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If you’ve ever looked through a historical cookbook or had family recipes passed down through the generations then you’ll know how confusing it can be to read them. Back in the old days, many women used their own devised measurements and standards- sometimes even creating their own baking recipes simply through trial and error.

Another complicating factor is that many families were using wood stoves well into the 20th century, making for vague baking directions like using a “slow oven” fairly common. Other hazy directions can include a “mug” or “saucer of flour”. So, let’s break down what some of those old timey cooking directions were actually getting at.

Via/ Library of Congress


“Mug” measurements were used to replace the cup measurement. As long as you use only mugs to measure and adjust the recipe for size, then you should come up with a perfect result. This is also sometimes called a “coffee cup” and equates to just under one regular measuring cup.

A “saucer” of flour meant a rounded portion on a small saucer and equates to a heaping measuring cupful.

A “teacup” is just under 3/4 cup.

Via/ Flickr

A “pint” is 2 cups and a “tumbler” is 1 cup.

A “gill” is 1/2 cup and a “wineglass” is 1/4 cup.

A “jigger” is 1.5 ounces, and is still used today to make cocktail. However, it’s not a usual measurement in most modern baking and cooking recipes.

A “pinch” is what can be picked up between the thumb and first two fingers, while a “half pinch” is what can be picked up between the thumb and first finger.

“Butter the size of an egg” is 1/4 cup and “butter the size of a walnut” is 2 tablespoons.

A “knob of butter” is a generous pat or 1-2 teaspoons.

Cooking Methods

To “fricassee” something is to fry it in a small amount of oil and serve it with a sauce. The term is most often applied to meats and sometimes the meat is previously cooked before (as for tough cuts).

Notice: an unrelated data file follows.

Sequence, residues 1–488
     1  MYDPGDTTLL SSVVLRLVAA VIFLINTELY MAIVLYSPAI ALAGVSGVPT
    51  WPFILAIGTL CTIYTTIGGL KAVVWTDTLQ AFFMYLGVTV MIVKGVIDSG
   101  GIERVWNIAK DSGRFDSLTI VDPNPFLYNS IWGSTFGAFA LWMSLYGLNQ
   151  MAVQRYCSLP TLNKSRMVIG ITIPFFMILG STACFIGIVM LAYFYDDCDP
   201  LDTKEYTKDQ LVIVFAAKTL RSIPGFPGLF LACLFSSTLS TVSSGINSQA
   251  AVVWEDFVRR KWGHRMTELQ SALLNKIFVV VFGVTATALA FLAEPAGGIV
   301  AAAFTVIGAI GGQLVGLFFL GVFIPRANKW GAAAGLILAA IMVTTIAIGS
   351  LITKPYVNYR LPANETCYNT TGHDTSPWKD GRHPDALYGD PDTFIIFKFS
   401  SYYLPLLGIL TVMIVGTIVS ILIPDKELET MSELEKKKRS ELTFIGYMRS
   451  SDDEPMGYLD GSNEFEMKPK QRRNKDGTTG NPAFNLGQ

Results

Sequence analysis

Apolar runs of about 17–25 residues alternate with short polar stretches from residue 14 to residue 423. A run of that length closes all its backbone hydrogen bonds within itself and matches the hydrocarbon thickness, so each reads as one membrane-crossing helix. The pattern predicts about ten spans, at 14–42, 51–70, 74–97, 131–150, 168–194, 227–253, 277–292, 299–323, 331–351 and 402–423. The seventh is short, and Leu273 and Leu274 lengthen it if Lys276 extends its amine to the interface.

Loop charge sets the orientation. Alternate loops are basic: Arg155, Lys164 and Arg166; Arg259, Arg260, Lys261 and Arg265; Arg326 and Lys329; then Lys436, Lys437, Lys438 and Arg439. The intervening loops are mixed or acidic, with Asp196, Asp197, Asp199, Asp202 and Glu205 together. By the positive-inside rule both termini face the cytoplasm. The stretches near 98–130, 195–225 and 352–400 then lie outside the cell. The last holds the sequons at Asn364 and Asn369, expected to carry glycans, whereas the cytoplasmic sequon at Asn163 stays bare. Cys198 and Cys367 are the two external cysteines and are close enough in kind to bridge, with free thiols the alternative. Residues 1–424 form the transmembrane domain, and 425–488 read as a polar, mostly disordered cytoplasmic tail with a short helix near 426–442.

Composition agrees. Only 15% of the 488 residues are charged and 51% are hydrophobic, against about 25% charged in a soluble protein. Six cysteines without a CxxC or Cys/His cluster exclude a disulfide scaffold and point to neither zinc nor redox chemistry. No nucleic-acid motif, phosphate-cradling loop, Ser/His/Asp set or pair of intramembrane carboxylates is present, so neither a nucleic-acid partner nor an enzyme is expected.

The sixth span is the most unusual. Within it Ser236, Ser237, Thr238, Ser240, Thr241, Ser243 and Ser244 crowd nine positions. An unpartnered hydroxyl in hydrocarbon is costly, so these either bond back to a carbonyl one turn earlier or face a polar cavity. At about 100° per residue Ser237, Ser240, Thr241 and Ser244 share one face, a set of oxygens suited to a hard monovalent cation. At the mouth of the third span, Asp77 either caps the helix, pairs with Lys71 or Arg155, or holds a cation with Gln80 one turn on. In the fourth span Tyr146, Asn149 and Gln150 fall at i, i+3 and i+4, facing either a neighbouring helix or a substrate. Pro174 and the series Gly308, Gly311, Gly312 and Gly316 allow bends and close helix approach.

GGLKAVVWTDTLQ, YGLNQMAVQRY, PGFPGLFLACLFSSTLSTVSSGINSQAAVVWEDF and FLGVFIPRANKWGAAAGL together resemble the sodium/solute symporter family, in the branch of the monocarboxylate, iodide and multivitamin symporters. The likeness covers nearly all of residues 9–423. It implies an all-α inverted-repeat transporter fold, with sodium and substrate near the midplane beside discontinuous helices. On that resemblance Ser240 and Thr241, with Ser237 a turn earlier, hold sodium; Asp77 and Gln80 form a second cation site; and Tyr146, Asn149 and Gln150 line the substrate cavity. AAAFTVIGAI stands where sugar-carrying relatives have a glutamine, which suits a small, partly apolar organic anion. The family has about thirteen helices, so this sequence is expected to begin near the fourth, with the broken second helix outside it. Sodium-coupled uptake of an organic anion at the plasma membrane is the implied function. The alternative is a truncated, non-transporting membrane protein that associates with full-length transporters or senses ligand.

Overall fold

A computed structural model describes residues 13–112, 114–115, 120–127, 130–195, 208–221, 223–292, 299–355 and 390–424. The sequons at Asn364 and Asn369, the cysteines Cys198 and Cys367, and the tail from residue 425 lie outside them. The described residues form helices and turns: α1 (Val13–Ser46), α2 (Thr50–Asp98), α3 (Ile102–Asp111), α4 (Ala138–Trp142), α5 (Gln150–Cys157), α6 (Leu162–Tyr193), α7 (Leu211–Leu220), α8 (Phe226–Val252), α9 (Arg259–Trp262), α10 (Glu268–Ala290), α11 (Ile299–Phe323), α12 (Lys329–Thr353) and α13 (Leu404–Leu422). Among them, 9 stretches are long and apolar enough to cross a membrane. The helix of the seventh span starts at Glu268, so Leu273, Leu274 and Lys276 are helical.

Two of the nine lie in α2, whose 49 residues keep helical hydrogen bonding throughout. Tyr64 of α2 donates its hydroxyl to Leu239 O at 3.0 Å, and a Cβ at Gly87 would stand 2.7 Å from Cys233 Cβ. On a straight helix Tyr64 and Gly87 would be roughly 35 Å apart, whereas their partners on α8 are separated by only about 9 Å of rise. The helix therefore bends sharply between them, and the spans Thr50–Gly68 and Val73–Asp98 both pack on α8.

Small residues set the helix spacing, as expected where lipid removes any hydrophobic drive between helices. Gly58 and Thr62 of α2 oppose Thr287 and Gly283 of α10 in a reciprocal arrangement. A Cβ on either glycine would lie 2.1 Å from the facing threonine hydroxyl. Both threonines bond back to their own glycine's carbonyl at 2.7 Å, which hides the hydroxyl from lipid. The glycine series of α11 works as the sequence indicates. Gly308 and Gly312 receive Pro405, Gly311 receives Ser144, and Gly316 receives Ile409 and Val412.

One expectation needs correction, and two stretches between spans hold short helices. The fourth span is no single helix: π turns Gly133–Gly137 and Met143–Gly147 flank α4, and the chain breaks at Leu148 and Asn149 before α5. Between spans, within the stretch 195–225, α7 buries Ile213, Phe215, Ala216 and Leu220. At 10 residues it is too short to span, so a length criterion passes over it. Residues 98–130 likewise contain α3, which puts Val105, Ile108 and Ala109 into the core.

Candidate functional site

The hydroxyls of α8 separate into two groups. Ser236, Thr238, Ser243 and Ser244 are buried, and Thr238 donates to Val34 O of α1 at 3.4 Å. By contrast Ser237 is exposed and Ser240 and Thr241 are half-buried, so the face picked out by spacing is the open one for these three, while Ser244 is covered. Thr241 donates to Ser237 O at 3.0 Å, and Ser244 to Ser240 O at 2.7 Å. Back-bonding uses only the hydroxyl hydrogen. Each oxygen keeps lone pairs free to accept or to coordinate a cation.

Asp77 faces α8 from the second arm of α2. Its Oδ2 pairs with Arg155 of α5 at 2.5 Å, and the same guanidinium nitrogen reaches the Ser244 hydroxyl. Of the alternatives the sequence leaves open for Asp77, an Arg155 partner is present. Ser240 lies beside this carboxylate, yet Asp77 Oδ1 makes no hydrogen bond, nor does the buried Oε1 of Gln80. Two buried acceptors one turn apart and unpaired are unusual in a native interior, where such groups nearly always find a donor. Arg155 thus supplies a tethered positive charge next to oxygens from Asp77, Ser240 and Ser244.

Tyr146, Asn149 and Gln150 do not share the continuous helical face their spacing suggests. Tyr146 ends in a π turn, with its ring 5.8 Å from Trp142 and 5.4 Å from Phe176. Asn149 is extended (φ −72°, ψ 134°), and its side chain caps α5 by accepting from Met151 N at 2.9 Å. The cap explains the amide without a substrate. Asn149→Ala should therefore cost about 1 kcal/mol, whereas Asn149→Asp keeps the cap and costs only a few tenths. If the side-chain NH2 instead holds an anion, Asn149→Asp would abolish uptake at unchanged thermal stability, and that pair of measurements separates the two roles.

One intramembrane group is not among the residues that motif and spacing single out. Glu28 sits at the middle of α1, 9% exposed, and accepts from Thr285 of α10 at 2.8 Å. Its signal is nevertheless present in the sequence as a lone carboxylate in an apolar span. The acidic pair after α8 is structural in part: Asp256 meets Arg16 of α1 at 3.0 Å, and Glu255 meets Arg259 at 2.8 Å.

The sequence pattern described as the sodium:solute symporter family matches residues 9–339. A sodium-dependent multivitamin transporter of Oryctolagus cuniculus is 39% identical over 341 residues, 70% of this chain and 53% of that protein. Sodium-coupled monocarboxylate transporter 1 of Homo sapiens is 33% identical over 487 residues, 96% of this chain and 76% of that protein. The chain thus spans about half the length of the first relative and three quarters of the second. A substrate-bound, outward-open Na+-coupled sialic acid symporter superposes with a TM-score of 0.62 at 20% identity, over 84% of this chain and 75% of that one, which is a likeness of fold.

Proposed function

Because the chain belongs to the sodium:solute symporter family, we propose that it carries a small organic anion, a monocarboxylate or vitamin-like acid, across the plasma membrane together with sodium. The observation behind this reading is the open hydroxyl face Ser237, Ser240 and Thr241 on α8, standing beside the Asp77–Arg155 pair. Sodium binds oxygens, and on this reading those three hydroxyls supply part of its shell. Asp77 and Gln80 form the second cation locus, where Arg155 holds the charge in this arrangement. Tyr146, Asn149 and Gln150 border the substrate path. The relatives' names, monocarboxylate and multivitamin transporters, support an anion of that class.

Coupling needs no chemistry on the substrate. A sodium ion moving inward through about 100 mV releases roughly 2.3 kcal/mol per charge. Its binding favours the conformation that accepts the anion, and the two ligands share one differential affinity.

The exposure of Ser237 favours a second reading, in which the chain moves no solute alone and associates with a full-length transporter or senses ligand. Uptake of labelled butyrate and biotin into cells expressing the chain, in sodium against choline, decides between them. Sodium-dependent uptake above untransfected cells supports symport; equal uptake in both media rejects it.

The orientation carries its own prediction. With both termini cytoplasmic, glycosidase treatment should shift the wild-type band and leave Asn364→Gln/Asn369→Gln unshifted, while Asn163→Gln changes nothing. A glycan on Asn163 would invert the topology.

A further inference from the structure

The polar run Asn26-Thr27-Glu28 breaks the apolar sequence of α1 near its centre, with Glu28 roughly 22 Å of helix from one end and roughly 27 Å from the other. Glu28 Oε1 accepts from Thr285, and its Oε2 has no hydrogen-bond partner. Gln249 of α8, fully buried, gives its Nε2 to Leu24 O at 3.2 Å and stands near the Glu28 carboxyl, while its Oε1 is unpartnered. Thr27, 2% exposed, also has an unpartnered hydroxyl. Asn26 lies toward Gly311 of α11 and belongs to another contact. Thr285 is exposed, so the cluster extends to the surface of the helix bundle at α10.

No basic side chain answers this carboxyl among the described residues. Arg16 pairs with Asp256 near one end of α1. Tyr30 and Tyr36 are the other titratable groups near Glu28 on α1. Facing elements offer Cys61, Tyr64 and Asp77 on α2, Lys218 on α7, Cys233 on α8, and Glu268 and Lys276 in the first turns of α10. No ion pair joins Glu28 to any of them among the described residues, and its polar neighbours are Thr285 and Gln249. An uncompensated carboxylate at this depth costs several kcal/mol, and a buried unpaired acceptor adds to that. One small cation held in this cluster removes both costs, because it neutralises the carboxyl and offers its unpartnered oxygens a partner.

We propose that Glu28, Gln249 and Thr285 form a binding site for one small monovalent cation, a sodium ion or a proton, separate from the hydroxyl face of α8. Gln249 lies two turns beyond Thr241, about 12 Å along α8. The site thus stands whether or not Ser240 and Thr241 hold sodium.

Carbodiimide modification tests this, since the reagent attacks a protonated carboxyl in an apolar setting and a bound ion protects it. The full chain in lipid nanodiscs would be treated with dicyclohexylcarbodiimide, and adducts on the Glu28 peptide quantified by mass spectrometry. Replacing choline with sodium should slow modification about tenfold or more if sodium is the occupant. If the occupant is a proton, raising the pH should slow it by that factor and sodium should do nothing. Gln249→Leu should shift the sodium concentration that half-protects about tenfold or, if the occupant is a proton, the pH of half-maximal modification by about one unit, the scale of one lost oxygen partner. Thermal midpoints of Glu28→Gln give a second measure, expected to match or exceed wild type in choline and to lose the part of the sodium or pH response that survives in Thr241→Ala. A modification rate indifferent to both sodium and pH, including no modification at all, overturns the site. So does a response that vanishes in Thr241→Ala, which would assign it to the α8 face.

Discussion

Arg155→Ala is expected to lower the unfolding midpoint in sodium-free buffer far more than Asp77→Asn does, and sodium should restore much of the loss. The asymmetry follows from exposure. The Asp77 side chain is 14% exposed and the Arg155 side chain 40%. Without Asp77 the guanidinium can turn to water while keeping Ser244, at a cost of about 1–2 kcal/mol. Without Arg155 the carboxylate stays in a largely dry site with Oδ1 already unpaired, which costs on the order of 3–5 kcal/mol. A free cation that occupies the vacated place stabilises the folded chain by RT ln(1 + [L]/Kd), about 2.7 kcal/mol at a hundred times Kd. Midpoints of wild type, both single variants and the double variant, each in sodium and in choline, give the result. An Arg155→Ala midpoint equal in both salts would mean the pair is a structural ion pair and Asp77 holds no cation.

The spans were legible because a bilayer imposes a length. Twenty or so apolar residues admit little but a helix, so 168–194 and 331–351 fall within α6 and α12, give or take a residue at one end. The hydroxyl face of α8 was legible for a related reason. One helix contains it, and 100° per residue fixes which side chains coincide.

To “stew” and to “braise” are the same thing, meaning cooked (with the lid of the pan on) at a low temperature and with a small amount of liquid.

Via/ Library of Congress

To “try out” fat is to render animal lard or suet by cutting into small pieces and cooking over a double boiler. The melted mixture is then strained to remove connective tissue.


“Savory” is an herb which has a taste that is like thyme, but is also peppery. The most commonly used variety is summer savory, but winter savory and other species are also used around the world.

Summer savory in bloom. Via/ Wiki Commons

“Balm” means lemon balm, an herb that was once very common in many recipes because lemons were not available.

“Brewis” is a Newfoundland and Nova Scotia side dish of bread or hardtack that’s been chopped up and fried, frequently served with fish.

One “cake of yeast” is equivalent to a packet of dry yeast today. In most areas, cakes of yeast have been made completely obsolete by dry powder mixes.

Via/ eBay

Oven Temps

In the old days of using wood stoves, the draw of the fire determined the “speed” of the fire. It wasn’t until the 1920s that electric ovens with clearly defined temperatures came on the market.

  • “Very slow oven” means around 200-250F
  • “Slow oven” means 250-350F
  • “Moderate oven” means 350-400F
  • “Quick” or “hot oven” means 400-450F
  • “Very hot oven” means 450-500F
Via/ State Archives of Florida

And, should you ever be working from recipes from Europe here is a handy conversion chart for metric measurements and celsius temperatures.